There is provided a suspension system which is readily adaptable to a high speed, vehicular traveling mode and a low speed, vehicular work mode. The suspension system has two suspension mechanisms which are arranged on opposite lateral sides of and in supporting relation to a vehicular frame with each suspension mechanism including a vehicle support apparatus, a rear idler wheel assembly, a drive wheel assembly elevated above the rear idler wheel assembly, an elastomeric belt entrained about the vehicle support apparatus and the wheel assemblies and in frictional engagement with the drive wheel assembly, a rear resilient strut connected between the frame and the rear idler assembly, a front resilient strut connected between the frame and the vehicle support apparatus, and a recoil strut connected between the frame and support apparatus for maintaining a predetermined belt tension. Each vehicle support apparatus includes a front idler wheel assembly rotatably connected to one end of a pivoting beam, a roller wheel assembly pivotally connected to the opposite end of the pivoting beam, and a wheel juncture device to which the rocking bar is pivotally connected.
In one aspect of the present invention corresponding chambers in the front struts are selectively fluidly connected for low speed operation and, during high speed operation, are fluidly segregated and respectively fluidly connected to separate accumulators.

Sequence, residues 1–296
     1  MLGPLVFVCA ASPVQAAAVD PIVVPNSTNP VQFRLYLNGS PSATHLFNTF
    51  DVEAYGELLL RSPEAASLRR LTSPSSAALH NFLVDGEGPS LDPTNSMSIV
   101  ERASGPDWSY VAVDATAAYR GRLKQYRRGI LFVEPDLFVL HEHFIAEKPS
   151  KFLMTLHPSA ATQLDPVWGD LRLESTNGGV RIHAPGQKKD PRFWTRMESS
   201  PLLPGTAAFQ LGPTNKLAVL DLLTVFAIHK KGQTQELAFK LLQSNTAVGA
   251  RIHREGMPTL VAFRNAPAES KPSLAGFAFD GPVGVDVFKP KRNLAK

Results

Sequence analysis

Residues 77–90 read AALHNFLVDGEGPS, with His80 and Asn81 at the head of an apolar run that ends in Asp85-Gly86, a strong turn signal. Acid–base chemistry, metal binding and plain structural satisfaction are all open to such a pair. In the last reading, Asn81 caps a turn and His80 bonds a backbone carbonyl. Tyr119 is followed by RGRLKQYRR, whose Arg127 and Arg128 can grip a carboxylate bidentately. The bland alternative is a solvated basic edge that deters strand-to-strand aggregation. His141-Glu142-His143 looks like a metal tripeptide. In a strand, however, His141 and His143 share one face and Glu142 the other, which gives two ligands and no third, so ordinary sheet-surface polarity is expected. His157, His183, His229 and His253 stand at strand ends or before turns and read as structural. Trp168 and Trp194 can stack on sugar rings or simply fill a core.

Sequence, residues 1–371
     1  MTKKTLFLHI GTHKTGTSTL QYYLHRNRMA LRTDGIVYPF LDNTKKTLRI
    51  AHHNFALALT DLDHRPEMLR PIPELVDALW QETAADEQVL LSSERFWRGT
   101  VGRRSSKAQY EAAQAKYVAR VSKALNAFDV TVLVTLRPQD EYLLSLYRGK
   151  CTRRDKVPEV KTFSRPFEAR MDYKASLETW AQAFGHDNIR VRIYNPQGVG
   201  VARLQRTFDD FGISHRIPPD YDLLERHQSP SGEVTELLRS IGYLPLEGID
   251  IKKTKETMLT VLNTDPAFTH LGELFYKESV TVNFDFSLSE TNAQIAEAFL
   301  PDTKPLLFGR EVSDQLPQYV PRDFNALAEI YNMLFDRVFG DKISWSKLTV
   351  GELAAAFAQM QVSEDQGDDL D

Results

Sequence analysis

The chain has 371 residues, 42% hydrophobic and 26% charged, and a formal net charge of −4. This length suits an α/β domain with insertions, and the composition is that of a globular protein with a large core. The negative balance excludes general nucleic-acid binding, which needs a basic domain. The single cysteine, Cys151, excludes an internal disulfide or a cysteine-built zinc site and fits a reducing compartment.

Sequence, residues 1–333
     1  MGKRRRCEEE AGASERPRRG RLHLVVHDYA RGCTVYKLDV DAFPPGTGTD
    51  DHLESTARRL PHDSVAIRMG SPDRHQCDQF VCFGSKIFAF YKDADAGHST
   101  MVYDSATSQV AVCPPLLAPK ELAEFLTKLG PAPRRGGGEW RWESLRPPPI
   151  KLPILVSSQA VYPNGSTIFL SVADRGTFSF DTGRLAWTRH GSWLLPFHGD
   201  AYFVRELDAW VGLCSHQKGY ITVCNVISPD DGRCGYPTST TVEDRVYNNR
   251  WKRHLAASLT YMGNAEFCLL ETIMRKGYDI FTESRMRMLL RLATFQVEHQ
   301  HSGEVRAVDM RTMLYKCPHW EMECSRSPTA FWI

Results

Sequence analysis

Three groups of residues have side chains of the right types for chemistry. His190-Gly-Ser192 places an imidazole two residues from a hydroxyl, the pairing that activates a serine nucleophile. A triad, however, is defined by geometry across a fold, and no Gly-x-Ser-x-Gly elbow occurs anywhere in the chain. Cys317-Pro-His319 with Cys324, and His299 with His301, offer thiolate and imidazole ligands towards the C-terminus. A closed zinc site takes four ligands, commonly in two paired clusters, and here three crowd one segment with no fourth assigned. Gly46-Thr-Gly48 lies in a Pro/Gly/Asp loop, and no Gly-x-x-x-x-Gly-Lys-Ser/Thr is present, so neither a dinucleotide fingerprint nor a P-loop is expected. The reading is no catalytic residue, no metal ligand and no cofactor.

In another aspect of the present invention one of the chambers defined by the rear strut's components is, during high speed operation, fluidly interconnected with an accumulator and a chamber defined by the recoil strut's components and is, during low speed operation, fluidly isolated from the connected recoil strut's chamber and accumulator.
In yet another aspect of the present invention a chamber of a pry-out strut connected between the wheel juncture device and one end of the pivoting beam is, during high speed operation, fluidly connected with both another chamber of the pry-out strut and an accumulator and, during low speed operation, is fluidly isolated.